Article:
Today, Feb. 29, is a rare day on the calendar, and fittingly, it is officially Rare Disease Day around the world.
There are thousands of rare diseases out there — between 5,000 and 7,000, according to the European Organisation for Rare Diseases. And though each disease is rare, put them all together and they affect 6-8% of the population, the European figures suggest. About half the diseases are inborn and half come later in life, from infections and other causes.
Surely one of the most insidious diseases to strike later in life is encephalitis, a potentially devastating brain inflammation known colloquially in its community of patients and caregivers as “E.” I’ve heard mainly about encephalitis as a doctor’s nightmare, because it can be both deadly and hard to diagnose, and as a staple of summer news: Every year brings a report or two of a Massachusetts resident stricken by the Eastern Equine Encephalitis carried by mosquitoes.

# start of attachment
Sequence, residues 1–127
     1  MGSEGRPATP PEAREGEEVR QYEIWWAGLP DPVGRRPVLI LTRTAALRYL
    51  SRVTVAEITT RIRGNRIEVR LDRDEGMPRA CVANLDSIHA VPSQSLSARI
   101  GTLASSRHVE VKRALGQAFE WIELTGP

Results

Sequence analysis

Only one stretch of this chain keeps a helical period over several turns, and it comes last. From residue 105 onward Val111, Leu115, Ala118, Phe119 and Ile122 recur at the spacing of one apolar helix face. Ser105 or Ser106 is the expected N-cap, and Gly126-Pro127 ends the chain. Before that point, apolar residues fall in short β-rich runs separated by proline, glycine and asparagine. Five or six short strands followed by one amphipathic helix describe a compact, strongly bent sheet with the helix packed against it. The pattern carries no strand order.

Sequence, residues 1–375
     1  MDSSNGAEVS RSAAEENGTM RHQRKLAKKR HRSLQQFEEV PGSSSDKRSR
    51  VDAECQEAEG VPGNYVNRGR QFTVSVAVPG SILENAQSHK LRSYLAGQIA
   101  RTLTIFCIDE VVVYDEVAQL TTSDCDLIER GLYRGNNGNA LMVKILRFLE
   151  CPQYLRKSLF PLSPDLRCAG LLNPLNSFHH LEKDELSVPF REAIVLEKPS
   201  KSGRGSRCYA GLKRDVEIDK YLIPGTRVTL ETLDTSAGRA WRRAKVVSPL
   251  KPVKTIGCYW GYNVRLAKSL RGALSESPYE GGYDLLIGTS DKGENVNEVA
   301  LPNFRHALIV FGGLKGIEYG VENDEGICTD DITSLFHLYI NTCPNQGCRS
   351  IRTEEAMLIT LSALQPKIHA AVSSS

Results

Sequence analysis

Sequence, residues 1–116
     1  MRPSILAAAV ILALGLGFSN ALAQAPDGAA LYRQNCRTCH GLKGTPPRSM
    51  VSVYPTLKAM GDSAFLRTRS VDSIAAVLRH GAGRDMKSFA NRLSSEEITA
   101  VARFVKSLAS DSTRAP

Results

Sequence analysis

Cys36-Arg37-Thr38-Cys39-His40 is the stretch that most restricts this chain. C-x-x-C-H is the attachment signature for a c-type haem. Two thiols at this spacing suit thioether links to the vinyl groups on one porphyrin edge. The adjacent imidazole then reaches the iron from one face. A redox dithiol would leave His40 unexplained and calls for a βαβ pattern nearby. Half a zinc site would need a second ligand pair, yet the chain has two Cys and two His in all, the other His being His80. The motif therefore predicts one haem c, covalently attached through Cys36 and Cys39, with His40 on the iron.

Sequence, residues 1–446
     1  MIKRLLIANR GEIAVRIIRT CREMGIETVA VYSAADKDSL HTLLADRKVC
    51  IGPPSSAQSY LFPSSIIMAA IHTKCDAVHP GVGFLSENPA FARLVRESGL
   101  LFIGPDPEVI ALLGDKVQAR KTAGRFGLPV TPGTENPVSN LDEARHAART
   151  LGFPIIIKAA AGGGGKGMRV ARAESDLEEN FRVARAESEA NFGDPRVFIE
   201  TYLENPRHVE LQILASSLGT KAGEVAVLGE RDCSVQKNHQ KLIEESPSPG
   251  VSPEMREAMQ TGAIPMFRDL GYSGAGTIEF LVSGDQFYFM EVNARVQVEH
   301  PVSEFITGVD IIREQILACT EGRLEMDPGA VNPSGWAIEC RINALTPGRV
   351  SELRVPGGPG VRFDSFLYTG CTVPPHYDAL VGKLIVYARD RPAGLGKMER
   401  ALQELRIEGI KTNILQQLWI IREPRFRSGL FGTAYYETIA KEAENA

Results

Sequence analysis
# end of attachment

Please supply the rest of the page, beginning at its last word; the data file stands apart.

But with the release of a new survey of some 250 patients with encephalitis and their family members, I now have pictures in my mind to go with the letter E:
- An encephalitis patient who tries to light his cigarette with this thumb, forgetting that he needs a lighter to flick.
- high-flying, 38-year-old senior vice president of a global company who delivers a presentation in southeast Asia and just two hours later suddenly finds herself unable to walk, to speak, to do anything but lie shivering in a paralyzing fog.
- “Invisible residuals:” You may seem fully recovered to others but still suffer from lingering problems with memory, relationships, problem-solving, multi-tasking. The report drew its title from this survivor’s quote: “I look normal and act normal but it’s a very hard thing to have, as people don’t know of it…I tell friends and family but they seem to be thinking that it’s two years now and I should be better, which is of course what I feel, so it makes it very hard, but as my family keeps telling me, I am still here, just not quite the me I remember.”